Japan Practicalities

A quick list of practicalities if you’re planning on visiting Japan:

Money. Use cash, surprisingly a lot of places don’t take credit cards.
Getting cash is difficult too, though! You can’t just walk into a bank
and use their ATMs, as they are usually only set up for domestic
transactions. Two reliable places that you can get cash from are the
post office and 7-11, they always have international options for
withdrawing money.

Japan Rail Pass. If you are planning on going anywhere outside of the
Tokyo/Kyoto orbit, you have to get a JR pass. It’s expensive and
burned a hole in our pockets but buying the tickets a la carte would
have burned an even greater hole. The other advantage is that you just
flash the pass at the station worker and you breeze right through, no
need to deal with the ticket machine. And they give you a handy
schedule for all the shinkansens in English. You can use the JR pass
on some of the local lines in Tokyo, like the Yamanote line, which
gets you to many places in the city. If you plan to just explore one
area, there are also region-specific passes that are a bit cheaper.

Train reservations. We found no need to make seat reservations for
seats on the train. Of course we were traveling at non-peak hours on
non-holidays, so that may have had something to do with it.

Cell phones. Unless you’re calling friends, we were able to get by
without a cell phone. If you do need one, it’s easy to rent one from
the major airports when you arrive rather than paying ridiculous
roaming fees.

Tourist Information Centers. Use them to help book accommodations for
you and pick up free maps, brochures and info about events. Usually
they’re in the main train station of each city, but the one in Tokyo
is a bit hard to find (it’s near Yurakucho station in an office
building on the 10th floor). We picked up a particularly good brochure
called “Kyoto and vicinity Walking Guide”, put out by the Japan
National Tourism Organization, that we used to explore Kyoto.

Maps. Make use of maps on the streets. Every city we went to had a map
of the local area outside of subway stations and even bus stops with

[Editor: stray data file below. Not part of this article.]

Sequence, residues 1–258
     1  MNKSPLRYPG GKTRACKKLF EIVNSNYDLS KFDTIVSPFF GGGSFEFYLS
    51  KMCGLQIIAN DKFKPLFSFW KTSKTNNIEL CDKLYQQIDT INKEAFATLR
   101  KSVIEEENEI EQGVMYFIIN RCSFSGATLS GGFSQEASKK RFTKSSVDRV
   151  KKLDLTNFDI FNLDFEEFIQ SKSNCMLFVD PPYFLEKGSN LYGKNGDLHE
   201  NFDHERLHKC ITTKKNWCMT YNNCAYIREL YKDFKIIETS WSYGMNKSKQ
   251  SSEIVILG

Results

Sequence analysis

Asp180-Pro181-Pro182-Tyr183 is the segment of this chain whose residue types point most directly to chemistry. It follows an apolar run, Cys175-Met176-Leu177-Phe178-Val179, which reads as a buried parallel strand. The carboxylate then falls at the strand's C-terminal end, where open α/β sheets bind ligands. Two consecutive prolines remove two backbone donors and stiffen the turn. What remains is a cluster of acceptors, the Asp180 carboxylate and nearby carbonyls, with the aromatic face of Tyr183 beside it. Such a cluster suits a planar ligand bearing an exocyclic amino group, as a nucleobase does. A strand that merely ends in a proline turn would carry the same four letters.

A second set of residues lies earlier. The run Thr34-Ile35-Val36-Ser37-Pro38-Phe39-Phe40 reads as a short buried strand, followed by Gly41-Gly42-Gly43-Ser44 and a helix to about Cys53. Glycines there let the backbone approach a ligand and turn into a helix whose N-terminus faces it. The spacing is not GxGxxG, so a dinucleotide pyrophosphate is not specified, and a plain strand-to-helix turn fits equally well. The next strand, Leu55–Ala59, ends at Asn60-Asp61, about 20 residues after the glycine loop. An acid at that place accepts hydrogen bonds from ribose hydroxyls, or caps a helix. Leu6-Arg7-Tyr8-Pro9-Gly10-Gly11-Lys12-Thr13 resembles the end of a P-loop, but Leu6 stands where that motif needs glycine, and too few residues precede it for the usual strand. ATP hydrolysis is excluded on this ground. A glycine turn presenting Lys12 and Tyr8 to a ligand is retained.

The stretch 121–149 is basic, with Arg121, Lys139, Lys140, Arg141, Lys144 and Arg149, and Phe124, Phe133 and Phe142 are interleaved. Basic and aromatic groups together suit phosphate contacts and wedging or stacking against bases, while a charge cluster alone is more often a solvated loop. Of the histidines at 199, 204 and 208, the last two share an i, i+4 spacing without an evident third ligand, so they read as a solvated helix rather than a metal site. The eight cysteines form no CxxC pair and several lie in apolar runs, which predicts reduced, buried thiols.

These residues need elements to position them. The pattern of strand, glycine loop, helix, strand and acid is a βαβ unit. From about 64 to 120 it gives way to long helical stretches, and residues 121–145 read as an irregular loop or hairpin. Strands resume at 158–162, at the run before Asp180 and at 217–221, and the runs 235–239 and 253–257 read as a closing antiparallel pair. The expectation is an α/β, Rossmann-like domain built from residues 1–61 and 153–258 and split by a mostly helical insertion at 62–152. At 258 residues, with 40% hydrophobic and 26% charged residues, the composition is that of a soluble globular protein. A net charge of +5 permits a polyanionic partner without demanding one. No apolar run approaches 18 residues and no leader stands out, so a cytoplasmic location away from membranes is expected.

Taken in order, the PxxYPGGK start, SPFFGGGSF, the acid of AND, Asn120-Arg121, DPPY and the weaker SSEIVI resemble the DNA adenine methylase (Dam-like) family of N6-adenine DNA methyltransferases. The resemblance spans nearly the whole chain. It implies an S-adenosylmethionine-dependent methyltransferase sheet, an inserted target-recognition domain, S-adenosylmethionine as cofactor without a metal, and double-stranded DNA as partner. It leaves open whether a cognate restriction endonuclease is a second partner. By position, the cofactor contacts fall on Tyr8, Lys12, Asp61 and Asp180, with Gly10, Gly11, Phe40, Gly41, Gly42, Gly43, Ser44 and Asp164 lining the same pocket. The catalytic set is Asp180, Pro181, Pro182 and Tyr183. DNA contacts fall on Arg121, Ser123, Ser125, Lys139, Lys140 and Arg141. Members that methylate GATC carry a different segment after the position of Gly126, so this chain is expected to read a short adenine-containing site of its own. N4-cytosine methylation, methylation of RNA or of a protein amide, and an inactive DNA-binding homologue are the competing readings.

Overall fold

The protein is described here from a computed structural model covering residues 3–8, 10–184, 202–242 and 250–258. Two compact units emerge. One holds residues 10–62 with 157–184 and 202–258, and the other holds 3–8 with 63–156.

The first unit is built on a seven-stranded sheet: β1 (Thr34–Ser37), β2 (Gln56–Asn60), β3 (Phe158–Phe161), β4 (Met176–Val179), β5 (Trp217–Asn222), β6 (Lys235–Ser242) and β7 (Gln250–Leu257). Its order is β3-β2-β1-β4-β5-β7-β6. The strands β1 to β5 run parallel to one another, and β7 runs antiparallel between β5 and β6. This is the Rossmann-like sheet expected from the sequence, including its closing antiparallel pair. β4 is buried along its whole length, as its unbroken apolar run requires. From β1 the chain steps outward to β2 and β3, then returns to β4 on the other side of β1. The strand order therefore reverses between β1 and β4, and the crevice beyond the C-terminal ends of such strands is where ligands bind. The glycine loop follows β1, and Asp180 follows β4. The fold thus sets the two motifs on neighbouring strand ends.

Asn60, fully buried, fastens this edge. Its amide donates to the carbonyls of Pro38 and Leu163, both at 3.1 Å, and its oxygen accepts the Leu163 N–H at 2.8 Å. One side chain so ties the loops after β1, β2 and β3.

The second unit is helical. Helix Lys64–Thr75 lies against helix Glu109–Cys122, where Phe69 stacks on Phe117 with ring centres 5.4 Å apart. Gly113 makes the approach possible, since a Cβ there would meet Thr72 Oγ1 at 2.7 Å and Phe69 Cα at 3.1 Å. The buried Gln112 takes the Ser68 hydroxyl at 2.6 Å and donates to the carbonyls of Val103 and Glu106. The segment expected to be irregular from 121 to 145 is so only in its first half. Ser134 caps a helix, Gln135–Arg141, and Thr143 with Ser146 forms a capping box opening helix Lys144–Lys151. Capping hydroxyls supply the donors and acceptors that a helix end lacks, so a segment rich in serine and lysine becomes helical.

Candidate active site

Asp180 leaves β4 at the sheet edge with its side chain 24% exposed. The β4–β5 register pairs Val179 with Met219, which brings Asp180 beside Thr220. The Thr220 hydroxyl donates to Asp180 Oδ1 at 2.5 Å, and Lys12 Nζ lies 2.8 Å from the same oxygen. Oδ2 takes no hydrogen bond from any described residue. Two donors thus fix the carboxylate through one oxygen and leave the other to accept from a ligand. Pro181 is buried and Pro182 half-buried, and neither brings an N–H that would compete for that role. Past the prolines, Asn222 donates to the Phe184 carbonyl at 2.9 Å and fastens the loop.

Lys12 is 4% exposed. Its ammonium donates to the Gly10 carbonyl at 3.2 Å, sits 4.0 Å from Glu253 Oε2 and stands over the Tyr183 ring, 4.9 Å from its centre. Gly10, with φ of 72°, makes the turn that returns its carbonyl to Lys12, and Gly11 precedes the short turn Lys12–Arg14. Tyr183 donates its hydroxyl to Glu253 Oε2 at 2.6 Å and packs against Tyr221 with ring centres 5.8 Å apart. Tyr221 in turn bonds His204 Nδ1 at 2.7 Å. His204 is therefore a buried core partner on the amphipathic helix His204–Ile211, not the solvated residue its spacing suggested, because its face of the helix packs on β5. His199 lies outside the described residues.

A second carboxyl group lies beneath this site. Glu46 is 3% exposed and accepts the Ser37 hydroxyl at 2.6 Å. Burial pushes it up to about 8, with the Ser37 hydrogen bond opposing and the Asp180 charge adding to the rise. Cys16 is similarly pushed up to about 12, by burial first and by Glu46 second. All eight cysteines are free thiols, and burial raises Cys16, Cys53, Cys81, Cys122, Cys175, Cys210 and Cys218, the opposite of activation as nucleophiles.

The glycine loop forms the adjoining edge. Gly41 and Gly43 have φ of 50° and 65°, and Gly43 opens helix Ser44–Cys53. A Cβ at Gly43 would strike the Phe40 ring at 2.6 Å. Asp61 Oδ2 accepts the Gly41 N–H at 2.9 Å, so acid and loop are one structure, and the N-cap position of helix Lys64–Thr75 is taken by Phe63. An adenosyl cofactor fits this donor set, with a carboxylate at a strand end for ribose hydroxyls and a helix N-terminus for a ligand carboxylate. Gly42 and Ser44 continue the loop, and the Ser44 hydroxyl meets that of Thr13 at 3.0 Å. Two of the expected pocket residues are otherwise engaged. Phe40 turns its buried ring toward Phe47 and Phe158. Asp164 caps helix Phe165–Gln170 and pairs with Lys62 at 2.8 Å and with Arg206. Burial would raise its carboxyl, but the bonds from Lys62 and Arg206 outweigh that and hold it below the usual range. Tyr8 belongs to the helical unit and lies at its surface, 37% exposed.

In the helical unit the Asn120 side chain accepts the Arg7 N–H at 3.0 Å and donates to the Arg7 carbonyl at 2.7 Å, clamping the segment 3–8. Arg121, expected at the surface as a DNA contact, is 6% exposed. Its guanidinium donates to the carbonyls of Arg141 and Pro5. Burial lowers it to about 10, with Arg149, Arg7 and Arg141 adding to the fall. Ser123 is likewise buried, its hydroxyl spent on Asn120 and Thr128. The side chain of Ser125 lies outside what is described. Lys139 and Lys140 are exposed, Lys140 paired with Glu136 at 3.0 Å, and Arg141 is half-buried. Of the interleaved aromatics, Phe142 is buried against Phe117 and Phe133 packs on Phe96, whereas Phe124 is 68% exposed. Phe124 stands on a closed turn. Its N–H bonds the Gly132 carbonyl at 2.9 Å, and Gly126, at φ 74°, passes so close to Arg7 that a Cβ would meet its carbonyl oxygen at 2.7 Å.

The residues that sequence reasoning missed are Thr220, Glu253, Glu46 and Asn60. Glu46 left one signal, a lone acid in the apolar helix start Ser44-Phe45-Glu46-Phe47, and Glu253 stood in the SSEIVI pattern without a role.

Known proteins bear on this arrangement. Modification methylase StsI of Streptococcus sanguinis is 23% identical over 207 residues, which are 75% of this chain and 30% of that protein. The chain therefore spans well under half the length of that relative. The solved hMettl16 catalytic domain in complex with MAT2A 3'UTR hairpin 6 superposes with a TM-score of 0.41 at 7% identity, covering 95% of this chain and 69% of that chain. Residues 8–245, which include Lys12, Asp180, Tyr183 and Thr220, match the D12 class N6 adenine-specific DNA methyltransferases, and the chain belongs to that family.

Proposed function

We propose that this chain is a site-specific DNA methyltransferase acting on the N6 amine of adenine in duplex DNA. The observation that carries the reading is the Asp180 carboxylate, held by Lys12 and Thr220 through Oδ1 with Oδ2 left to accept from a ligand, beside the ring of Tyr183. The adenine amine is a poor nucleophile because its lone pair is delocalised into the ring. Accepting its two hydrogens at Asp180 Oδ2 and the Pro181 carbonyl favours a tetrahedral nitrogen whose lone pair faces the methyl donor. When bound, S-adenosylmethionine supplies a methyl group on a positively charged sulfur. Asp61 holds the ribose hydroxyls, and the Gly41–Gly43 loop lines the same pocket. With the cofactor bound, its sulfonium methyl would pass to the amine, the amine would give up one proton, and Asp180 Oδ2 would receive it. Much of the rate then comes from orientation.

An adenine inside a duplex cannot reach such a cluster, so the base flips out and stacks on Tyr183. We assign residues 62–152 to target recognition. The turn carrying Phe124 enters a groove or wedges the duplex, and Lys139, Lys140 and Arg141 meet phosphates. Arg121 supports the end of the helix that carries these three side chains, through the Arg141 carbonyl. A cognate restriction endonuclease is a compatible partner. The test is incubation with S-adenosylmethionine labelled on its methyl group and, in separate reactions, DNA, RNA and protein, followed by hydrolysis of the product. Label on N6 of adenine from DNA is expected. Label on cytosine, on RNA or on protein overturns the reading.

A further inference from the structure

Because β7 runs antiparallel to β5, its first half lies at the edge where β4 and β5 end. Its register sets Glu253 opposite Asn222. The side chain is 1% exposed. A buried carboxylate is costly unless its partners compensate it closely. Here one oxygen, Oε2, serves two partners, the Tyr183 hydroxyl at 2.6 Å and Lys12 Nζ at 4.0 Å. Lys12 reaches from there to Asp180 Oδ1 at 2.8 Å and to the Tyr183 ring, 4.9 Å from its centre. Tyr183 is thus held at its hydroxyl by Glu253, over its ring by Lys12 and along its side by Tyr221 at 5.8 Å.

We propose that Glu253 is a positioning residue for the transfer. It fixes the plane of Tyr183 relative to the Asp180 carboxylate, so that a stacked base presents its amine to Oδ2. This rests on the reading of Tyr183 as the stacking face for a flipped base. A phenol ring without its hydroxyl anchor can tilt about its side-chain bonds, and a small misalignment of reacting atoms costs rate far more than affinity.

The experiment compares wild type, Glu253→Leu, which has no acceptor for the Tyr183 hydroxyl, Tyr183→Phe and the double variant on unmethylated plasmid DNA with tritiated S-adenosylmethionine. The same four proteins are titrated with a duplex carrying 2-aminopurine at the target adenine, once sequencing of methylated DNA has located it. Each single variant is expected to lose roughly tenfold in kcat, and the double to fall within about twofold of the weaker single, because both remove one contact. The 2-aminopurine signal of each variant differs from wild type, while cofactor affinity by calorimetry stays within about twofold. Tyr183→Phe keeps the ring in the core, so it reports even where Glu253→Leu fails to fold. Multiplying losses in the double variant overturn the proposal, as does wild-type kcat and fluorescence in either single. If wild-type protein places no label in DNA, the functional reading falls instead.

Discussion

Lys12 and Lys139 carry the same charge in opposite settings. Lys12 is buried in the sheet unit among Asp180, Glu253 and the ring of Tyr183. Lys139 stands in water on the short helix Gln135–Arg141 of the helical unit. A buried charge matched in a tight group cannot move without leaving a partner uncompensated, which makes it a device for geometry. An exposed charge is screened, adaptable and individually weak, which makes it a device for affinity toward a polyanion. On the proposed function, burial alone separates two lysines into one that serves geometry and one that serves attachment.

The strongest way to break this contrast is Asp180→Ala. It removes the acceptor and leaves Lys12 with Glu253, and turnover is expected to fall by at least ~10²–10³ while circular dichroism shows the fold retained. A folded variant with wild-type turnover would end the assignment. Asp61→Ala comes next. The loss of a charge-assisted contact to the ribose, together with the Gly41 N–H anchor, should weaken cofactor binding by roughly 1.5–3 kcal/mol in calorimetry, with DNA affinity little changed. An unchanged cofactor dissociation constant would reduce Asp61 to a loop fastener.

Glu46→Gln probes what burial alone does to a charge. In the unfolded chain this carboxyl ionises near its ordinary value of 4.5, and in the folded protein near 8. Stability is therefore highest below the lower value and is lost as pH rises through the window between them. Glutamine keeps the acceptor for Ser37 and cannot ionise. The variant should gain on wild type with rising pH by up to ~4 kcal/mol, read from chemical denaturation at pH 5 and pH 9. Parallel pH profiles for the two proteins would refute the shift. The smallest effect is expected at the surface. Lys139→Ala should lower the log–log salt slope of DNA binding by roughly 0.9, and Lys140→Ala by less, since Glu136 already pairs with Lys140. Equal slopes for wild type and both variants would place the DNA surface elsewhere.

labels of places of interest, shops, banks, etc. And usually in both
English and Japanese. Even better is that the map is oriented towards
the way that you’re facing. However in Tokyo we had no idea how to
find places with a specific address, even with a map, because streets
apparently are not named!

Cabs. We didn’t really use them, as they were too expensive. The bus
and rail lines are extremely good and easy to use so it really wasn’t
a problem.

Water. Tap water is ok to drink! Yay!

Vegetables. So, surprisingly to us, the Japanese don’t eat many
vegetables and fruit is very expensive. So if you need a healthy dose
of veggies, I suggest you bring powdered supplements or whatnot,
because just seaweed wasn’t cutting it for my system.

Hairdryers. Every single place we stayed at had a hairdryer, so no
need to bring your own.

Language. We had very few difficulties with not speaking any Japanese.
For anyone we encountered who didn’t speak English, hand signals and
gesturing worked out quite well as people are patient and will try to
understand as best as possible.

Hotels. Our favorite hotel was Hotel Monterey La Soeur in Tokyo, in
the Ginza neighborhood. It was the most expensive place we stayed at,
but was really nice in a great location, especially for the price we
paid.

Internet. For us, internet was kind of a pain to come by, as it seems
like you can only get a wifi connection if you subscribe and it’s all
in Japanese. However, we found some free/open connections that we
stole bandwitdth from at a cafe, and occasionally we had wifi or an
ethernet port at a hostel or hotel, but it’s not ubiquitous.
Especially if you’re staying at a ryokan-style place. We didn’t
venture into any of those 24-hour internet cafe/gaming places because
we already have a computer, so I can’t speak for that experience.
Sometimes the tourist information centers have a computer you can use
but they make you pay for it.

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Children’s Day

There is a lovely holiday in South Korea called Children’s Day. Sort
of like Mother’s Day or Father’s Day, but for kids. And everyone gets
the day off. We happened to be in Seoul on Children’s Day so Bremelin
arranged a field trip with her advanced English students to meet us
and to take us around the city to practice their English.

We took the train out to Brem’s neighborhood to meet the kids at the
station, bright and early. We had no idea what to expect – what are
Korean middle schoolers like?? They gathered around us, introduced
themselves in English, giggled a bit, and generally acted shy and
bashful. They constantly checked their cellphones for messages. We
shouted, “No Korean! Only English!” but of course after about ten
minutes they lapsed. We got on the train, and I was trying to think of
a million questions to get some conversations started. “What do you
like to do in your free time with your friends? Do you play sports?
Where do you go on vacation? Is there a place you would like to visit
one day? Where do you recommend to visit in Korea? What do you like to
eat?” They wanted to know about our travels, what we had done, where
we liked best, what we had already seen in Seoul. Their English was
quite good, if I spoke a little more slowly they got the gist of what